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Vaibhav Sharma

Text Generation Using Recurrent Neural Networks

Vaibhav Sharma

  • Dec 5, 2019
  • 14 Min read
  • 1,432 Views
  • Dec 5, 2019
  • 14 Min read
  • 1,432 Views
Data
Python

Introduction

Text generation is one of the defining aspects of natural language processing (NLP), wherein computer algorithms try to make sense of text available in the free forms in a certain language or try to create similar text using training examples. Text generation has been notoriously difficult for shallow learning techniques, but deep learning algorithms and especially recurrent neural networks (RNNs) have infused a new vigor to the field after decades of stagnation.

In this guide, we will learn about basic text generation using Recurrent Neural Networks in Python and the example of Paradise Lost by John Milton. The book can be freely found as part of Project Gutenberg, which houses some of the classics of world literature.

Recurrent Neural Networks (RNNs)

The deep networks that are used in image classification convents and structured data dense nets take data all at once without any memory associated with it. They are essentially feedforward networks. The whole dataset is converted to the tensor and fed to the network, which in turn adjusts its weights and biases to satisfy the training data and make reasonable predictions.

RNNs, on the other hand, keep the memory of the sequence that appears before in order to guess what's coming next in the sequence. This, in principle, makes the network more able to adapt to data that depend on the previous data. For example, the word "normal" can have different meanings in different contexts. If the text involves a sample and statistics, then the word "normal" is likely to be followed by the word "distribution." Similarly, if the word shows up in a sentence that has geometrical references, then it may mean "perpendicular." Similarly, if the word "normal" shows up in reference to chemistry, it is likely to be followed by a solution. RNNs are capable of understanding these kinds of context-specific nuances and producing the desired results. One of the variants of RNNs is long short term memory, which we are going to use in this guide.

Text Preprocessing

Before the data can be fed to the neural network, it needs to be reasonably processed so that mathematical models for deep learning are able to accept it. The below code block reads the book Paradise Lost and converts all the characters to lower case (text_1). Once it is done, it tokenizes the data such that all the characters are provided a unique integer (char_index). These integers are the ones that will eventually be fed to the network in the form of tensors. Similarly, a reverse mapping (index_char) is also created, which will be used to create the text from the integers that are given out from the output layer. One thing to note is that we are using character-level encoding. One other common technique used is that of word encoding.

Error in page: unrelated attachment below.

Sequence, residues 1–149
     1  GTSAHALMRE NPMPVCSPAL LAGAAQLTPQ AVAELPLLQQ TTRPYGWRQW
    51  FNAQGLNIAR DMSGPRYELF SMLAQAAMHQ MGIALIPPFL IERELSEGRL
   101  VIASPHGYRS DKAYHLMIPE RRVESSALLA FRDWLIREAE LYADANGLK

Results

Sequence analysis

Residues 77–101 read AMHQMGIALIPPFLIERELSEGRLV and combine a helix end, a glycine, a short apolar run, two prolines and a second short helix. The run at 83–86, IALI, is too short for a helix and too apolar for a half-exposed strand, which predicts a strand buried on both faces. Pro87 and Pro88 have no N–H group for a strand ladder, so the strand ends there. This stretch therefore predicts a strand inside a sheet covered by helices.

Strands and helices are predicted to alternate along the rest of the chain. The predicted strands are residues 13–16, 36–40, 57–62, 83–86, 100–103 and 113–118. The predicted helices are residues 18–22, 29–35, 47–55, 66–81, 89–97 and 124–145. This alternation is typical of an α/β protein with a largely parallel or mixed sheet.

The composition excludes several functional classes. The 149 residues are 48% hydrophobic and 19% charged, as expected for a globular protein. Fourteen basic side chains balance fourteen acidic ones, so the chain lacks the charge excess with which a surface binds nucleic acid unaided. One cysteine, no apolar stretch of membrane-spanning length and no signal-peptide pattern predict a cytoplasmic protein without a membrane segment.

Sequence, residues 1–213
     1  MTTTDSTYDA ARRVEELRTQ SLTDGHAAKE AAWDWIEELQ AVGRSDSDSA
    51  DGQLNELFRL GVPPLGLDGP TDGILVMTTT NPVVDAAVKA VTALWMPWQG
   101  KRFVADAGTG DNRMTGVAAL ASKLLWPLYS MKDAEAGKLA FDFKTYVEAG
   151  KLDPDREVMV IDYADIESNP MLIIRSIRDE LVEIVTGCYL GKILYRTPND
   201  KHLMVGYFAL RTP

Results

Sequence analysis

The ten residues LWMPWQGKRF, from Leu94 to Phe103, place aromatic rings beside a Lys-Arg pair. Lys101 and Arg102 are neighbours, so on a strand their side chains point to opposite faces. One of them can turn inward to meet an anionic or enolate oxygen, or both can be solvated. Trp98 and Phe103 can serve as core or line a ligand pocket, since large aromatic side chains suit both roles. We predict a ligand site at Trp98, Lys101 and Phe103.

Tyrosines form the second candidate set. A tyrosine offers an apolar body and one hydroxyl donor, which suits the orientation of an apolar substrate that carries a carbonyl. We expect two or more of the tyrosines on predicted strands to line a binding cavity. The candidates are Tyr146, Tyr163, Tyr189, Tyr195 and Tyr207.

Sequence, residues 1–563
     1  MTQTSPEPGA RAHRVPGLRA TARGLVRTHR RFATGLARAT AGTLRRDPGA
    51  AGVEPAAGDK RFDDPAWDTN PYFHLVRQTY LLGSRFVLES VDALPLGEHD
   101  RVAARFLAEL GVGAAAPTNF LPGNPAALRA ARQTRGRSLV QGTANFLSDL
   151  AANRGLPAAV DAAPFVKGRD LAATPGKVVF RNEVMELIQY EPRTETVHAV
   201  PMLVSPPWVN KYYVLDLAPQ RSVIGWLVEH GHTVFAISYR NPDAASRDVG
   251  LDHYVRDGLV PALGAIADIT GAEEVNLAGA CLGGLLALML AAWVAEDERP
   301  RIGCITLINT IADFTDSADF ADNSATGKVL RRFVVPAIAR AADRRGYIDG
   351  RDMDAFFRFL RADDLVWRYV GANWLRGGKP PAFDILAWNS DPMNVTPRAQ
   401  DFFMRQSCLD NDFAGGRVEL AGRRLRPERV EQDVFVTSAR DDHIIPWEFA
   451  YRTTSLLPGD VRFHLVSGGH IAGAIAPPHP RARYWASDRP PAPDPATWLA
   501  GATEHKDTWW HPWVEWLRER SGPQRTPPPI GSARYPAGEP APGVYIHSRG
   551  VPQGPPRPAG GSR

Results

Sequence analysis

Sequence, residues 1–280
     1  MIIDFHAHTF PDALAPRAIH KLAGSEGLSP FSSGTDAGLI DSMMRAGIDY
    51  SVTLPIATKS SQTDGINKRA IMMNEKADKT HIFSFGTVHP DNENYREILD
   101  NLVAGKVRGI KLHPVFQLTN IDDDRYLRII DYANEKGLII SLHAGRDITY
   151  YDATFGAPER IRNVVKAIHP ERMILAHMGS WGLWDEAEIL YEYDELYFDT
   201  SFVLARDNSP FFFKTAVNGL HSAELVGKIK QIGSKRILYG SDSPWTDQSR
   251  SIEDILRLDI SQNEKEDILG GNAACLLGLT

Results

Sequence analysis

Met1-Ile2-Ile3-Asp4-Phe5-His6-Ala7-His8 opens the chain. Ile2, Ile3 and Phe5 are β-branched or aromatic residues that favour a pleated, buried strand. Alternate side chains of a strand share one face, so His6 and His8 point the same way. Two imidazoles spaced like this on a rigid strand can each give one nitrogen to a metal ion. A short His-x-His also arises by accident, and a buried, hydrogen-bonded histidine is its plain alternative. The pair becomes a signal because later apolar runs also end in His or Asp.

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import numpy as np
from tensorflow import keras
from keras_preprocessing.text import Tokenizer
tokenizer = Tokenizer(char_level=True)
filename = "D:\\book\\paradise_lost.txt"
# read the file and covert to lowercase
text_1 = open(filename, 'r').read().lower()
print('total number of characters in book: ', len(text_1))
# create mapping of unique chars to integers and reverse
tokenizer.fit_on_texts(text_1)
char_index = tokenizer.word_index
print('Found %s unique characters. ' % len(char_index))
print('char to integer dictionary: ',char_index)
index_char = dict(enumerate(char_index.keys()))
print('integer to char dictionary: ',index_char)
python

Below is the output is given by the above code. It is worth noting that there are 48 unique characters in the book, including newline characters and some other special characters.

Output

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total number of characters in book:  460069
Found 48 unique characters.
char to integer dictionary:  {' ': 1, 'e': 2, 't': 3, 'o': 4, 'a': 5, 'n': 6, 'h': 7, 's': 8, 'i': 9, 'r': 10, 'd': 11, 'l': 12, 'u': 13, '\n': 14, ',': 15, 'm': 16, 'w': 17, 'f': 18, 'c': 19, 'g': 20, 'p': 21, 'b': 22, 'y': 23, 'v': 24, ';': 25, 'k': 26, '.': 27, ':': 28, '-': 29, "'": 30, 'x': 31, 'j': 32, '?': 33, '!': 34, 'q': 35, 'z': 36, '"': 37, '(': 38, ')': 39, '0': 40, '1': 41, '9': 42, '6': 43, '8': 44, '4': 45, '5': 46, '7': 47, '3': 48}
integer to char dictionary:  {0: ' ', 1: 'e', 2: 't', 3: 'o', 4: 'a', 5: 'n', 6: 'h', 7: 's', 8: 'i', 9: 'r', 10: 'd', 11: 'l', 12: 'u', 13: '\n', 14: ',', 15: 'm', 16: 'w', 17: 'f', 18: 'c', 19: 'g', 20: 'p', 21: 'b', 22: 'y', 23: 'v', 24: ';', 25: 'k', 26: '.', 27: ':', 28: '-', 29: "'", 30: 'x', 31: 'j', 32: '?', 33: '!', 34: 'q', 35: 'z', 36: '"', 37: '(', 38: ')', 39: '0', 40: '1', 41: '9', 42: '6', 43: '8', 44: '4', 45: '5', 46: '7', 47: '3'}